An internal letter from the FBI to U.S. Ambassador to Azerbaijan Anne Derse, however, suggests the FBI saw Azerbaijan’s cooperation as a “hurdle” to getting the polygraph done. The FBI case file contains no evidence that it ever took place, and the investigation stagnated.
After the attaché met with the Ministry of National Security in September 2008, he wrote: “The [ministry] advised that their investigation has stalled and they do not have further need of FBI assistance.” Yet just a few months earlier, in July, ministry officials had told Rushaniya they were working tirelessly to bring the killers to justice. A senior official wrote to her lawyer: “At the moment a total, comprehensive and objective investigation of the case is being carried out.”
In March 2009, as Rushaniya persisted with her inquiries, she received another letter of response from a senior ministry official. Once more, he confirmed the investigation was ongoing. But he added, too, that the “preliminary investigation” had been extended to September 2009. This last detail is significant because by law, Rushaniya was only entitled to see case materials after any preliminary investigation was finished. Her lawyer would later point out that it seemed strange, four years after the murder and long after Azerbaijani authorities identified key suspects, that they would claim that the preliminary investigation was still ongoing. Writing a court submission, he said that this was “not likely” to be the case.
RSF’s Vincent said authorities in Azerbaijan “appear to have intentionally obstructed the pursuit of justice,” adding that the new documents “show, at best, a lack of political will to secure justice — or perhaps worse, a more sinister attempt to distract, deflect, and obstruct the criminal investigation.”
Though officials in Azerbaijan told Rushaniya in a 2009 letter that they were still looking for Khubanov and Aliyev, there were at least clues to the latter man’s location.
A simple public records search by OCCRP showed that somebody using Aliyev’s ID bought two apartments in Tbilisi, one in May 2008 and another in June 2008. The apartments were in a building occupied by several members of his immediate family, including his mother. OCCRP asked Azerbaijani authorities if they pursued this lead, but the request for comment went unanswered. Aliyev did not respond to written questions from OCCRP, which were hand-delivered to the building and received by a relative.
And on March 17, 2009, the same day the Ministry of National Security wrote to Rushaniya, Interpol wrote to the ministry with information that Aliyev was based in Tbilisi. Of Khubanov, there was no news.
It remains unclear from case files whether Azeri authorities relayed this information to Rushaniya, who declined to comment for this article.
She eventually brought a case to the European Court of Human Rights (ECHR) in 2010. In their responses to her allegations in that case file, Azeri authorities pointed out that they had in fact asked for the extradition of Aliyev and Khubanov, but claimed that Georgia refused because they were Georgian citizens. The filings indicate Azerbaijan made this request to Georgia in 2005.Credit: MonitorElmar Huseynov’s murder remains unsolved, 16 years after his death.
Azerbaijani authorities did not respond to a question on whether they ever made further requests. However, the ECHR’s 2017 ruling pointed out that Georgia’s Deputy Prosecutor General had told Azerbaijan in 2005 that he was willing to start criminal proceedings against Aliyev within the Georgian justice system.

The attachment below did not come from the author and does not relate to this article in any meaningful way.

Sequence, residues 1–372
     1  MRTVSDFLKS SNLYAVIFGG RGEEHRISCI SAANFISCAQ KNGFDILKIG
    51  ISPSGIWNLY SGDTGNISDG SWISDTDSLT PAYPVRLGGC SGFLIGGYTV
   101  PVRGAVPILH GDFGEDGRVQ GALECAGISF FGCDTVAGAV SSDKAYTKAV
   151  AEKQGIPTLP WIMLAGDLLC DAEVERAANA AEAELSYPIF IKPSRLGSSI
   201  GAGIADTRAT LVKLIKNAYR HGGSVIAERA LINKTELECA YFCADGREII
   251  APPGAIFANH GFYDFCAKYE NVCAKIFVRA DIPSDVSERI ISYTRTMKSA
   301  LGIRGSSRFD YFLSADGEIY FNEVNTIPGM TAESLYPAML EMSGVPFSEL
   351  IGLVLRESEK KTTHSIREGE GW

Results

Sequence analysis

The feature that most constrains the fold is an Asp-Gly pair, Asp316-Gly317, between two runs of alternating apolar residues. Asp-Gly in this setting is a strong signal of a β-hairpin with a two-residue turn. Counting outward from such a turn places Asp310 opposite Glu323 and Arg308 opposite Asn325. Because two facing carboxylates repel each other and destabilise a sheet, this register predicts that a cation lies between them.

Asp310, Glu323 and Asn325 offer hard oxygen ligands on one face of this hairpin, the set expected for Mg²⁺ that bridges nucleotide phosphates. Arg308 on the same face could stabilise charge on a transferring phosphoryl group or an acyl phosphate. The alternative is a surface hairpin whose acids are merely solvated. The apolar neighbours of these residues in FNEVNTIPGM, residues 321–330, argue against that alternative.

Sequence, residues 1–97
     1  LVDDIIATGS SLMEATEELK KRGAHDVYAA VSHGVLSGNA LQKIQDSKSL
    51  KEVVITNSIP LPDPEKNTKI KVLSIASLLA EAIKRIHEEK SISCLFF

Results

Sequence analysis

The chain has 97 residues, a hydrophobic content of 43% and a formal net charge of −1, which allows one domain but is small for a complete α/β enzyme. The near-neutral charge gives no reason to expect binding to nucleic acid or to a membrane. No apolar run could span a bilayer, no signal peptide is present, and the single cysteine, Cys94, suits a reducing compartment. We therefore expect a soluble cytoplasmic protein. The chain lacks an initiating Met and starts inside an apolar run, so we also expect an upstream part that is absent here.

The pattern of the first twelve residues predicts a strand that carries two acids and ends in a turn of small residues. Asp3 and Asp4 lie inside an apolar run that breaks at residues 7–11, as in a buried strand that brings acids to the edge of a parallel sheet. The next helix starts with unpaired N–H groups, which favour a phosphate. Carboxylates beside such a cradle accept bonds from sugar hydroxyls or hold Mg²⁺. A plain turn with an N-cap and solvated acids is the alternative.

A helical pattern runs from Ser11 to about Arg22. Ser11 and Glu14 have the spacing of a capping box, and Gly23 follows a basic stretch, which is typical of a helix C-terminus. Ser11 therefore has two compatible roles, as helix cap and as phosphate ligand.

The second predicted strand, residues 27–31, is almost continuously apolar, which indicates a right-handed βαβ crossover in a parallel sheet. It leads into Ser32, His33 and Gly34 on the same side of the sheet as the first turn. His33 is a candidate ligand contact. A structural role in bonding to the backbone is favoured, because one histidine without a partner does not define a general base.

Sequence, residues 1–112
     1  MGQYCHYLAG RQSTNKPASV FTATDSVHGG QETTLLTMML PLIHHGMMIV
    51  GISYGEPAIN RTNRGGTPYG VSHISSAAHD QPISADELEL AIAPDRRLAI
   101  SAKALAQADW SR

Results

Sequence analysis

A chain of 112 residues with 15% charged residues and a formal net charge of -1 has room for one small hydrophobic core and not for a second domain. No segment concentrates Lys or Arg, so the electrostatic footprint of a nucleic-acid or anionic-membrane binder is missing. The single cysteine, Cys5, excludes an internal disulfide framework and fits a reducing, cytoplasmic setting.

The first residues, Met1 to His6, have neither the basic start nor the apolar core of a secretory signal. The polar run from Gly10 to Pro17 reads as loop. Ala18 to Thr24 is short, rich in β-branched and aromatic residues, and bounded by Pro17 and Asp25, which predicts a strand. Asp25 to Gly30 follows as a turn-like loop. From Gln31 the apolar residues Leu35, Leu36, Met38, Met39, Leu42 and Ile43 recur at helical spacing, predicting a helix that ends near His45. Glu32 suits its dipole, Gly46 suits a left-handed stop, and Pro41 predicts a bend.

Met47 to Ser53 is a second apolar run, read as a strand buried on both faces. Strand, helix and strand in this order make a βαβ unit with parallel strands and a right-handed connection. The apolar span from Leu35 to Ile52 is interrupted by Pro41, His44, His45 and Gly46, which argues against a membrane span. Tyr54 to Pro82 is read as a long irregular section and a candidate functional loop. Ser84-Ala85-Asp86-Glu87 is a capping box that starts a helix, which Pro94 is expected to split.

In other words, Aliyev could have been prosecuted if Azerbaijan had transferred the case to Georgia. Documents show that Georgia appears to have begun initial proceedings, but nothing came of them.
Credit: Government of AzerbaijanAfter Ilham Aliyev took power in Azerbaijan, a crackdown against media was soon underway.
Rushaniya’s lawyer, Knut Rognlien, told the ECHR that when Azerbaijani authorities insisted that the suspects were foreigners who couldn’t be found or spoken to, they were simply avoiding uncomfortable questions. The same types of questions, according to the FBI file, that ministers had dodged right from the start.
“Had they been apprehended, Teimuraz Aliyev and Tahir Khubanov could also have been interrogated regarding possible contact with authorities and their motive for the murder,” Rognlien wrote.
Those who knew Huseynov say the impunity surrounding the case continues to do serious damage to press freedom in Azerbaijan.
Steinar Gil, Norway’s ambassador to Azerbaijan at the time of the killing, called it “a warning that journalists who want to criticize openly and stand for the values of the free press would be at risk.”
Aliyev is still going about his life today, while no trace of Khubanov has been found. The only person ever jailed in relation to the murder, Turgay Bayramov, was sentenced to two years in prison for buying a phone for the two men.
In response to a request for further information from OCCRP, Georgian prosecutors referred reporters back to the ECHR’s ruling. Azerbaijani prosecutors did not respond to a similar request.
Even as the investigation has stalled, three more reporters have died in the line of duty in Azerbaijan since Huseynov was gunned down on the darkened steps to his apartment. Azerbaijan has dropped to 168th of 180 countries on RSF’s World Press Freedom Index.
“There is no media freedom in Azerbaijan today,” Gil said. “It’s zero, none. After this, people would think ‘If this happened to Elmar, it could happen to anyone.’”
Eleanor Rose is an investigative journalist based in London who specializes in human rights and has written for the Guardian, the Evening Standard, and the Independent, among other publications.
Aidan Iusubova (iFact) contributed reporting.